To diagnose a stack overflow in GDB, typically you just need to do a backtrace: (gdb) backtrace #0 foo() () at t.cpp:5 #1 0x08048404 in foo() () at t.cpp:5 #2 0x08048404 in foo() () at t.cpp:5 #3 0x08048404 in foo() () at t.cpp:5 [...] #20 0x08048404 in foo() () at t.cpp:5 #21 0x08048404 in foo() () at t.cpp:5 #22 0x08048404 in foo() () at t.cpp:5 ---Type If you find a single function call piling up an awfully large number of times, this is a good indication of a stack overflow.

Typically, you need to analyze your recursive function to make sure that all the base cases (the cases in which the function should not call itself) are covered correctly. For instance, in computing the factorial function int factorial(int n) { // What about n < 0? if(n == 0) { return 1; } return factorial(n-1) * n; } In this case, the base case of n being zero is covered, but what about n < 0? On "valid" inputs, the function will work fine, but not on "invalid" inputs like -1.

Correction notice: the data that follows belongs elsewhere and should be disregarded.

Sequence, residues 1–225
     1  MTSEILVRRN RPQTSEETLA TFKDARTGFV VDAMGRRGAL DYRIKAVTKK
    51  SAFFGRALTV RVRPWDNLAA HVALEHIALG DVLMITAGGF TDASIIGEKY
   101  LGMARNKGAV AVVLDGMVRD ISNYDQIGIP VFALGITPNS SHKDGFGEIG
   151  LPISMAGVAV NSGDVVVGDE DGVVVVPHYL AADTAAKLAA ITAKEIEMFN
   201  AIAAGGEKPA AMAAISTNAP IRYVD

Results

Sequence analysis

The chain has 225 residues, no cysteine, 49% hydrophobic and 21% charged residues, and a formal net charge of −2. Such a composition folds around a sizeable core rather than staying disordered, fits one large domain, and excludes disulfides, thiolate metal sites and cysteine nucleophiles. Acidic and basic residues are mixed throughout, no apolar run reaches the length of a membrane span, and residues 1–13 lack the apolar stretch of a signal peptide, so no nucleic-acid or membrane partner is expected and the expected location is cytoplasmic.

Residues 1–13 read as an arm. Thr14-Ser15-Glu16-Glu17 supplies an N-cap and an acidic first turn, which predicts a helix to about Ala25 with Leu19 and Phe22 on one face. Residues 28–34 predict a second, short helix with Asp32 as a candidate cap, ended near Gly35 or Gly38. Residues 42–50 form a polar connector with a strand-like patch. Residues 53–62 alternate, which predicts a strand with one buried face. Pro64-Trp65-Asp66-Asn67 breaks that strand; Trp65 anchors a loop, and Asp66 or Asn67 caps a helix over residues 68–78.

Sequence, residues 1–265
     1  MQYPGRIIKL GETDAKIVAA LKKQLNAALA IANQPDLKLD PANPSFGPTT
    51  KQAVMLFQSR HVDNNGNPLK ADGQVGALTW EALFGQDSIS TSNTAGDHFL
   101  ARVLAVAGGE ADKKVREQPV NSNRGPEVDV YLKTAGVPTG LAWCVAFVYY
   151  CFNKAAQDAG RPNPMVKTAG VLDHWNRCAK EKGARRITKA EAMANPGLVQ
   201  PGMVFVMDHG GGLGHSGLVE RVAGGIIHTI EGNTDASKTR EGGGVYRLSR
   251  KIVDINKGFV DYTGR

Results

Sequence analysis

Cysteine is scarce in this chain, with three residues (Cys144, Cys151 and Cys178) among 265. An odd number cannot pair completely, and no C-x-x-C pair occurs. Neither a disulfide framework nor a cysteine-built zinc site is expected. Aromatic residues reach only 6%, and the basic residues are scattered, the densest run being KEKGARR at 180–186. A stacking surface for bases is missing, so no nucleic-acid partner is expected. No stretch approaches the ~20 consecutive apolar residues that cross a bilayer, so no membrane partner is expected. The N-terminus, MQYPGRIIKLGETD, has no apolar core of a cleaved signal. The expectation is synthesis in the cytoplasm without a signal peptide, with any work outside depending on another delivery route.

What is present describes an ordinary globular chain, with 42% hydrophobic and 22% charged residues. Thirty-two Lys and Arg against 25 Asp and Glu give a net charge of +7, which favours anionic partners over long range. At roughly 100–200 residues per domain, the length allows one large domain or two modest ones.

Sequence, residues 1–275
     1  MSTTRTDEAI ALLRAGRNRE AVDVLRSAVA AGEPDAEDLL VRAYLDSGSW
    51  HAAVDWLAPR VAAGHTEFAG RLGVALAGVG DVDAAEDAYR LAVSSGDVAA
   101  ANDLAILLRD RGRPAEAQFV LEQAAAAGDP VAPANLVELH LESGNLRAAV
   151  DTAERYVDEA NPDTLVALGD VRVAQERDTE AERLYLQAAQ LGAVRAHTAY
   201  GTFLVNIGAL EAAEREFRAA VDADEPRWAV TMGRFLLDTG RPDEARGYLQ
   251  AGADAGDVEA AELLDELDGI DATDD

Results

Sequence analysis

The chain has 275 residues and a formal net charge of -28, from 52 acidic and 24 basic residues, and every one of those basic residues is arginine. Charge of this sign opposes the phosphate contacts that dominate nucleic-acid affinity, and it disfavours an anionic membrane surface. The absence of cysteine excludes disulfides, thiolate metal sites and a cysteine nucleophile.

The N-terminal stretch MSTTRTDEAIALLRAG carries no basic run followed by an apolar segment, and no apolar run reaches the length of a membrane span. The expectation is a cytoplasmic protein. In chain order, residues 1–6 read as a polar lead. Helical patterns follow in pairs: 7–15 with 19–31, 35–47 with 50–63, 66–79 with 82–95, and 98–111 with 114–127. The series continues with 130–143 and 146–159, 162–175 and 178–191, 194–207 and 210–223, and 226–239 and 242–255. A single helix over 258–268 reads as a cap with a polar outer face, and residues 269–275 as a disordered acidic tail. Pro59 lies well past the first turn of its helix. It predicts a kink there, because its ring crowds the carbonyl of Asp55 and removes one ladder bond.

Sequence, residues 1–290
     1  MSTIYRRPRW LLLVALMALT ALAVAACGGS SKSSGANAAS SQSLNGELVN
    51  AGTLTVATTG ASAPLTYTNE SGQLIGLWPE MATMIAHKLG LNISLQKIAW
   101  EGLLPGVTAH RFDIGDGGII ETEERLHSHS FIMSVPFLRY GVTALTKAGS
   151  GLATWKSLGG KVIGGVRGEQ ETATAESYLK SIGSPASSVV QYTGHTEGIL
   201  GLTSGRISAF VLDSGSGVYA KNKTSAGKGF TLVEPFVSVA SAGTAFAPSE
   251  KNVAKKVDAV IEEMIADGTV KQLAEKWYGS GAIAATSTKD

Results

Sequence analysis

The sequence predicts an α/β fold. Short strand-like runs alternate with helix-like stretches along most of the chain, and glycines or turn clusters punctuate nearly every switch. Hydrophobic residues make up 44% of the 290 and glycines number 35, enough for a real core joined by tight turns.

You also have to make sure that your base case is reachable. Even if you have the correct base case, if you don't correctly progress toward the base case, your function will never terminate. int factorial(int n) { if(n <= 0) { return 1; } // Ooops, we forgot to subtract 1 from n return factorial(n) * n; }


While segmentation faults can be nasty and difficult to track down when you are first learning to program, over time you will start to see them as falling into a small number of patterns that are relatively easy to track down. This tutorial hasn't covered every possible scenario for causing segmentation faults, but it touches on many of the basic problems you may encounter.

Related articles

Read more about debugging strategies

Learn more about using GDB

Using Valgrind to hunt memory errors

Read more about the psychological aspects of programming

Learn more about secure coding and avoiding pointer problems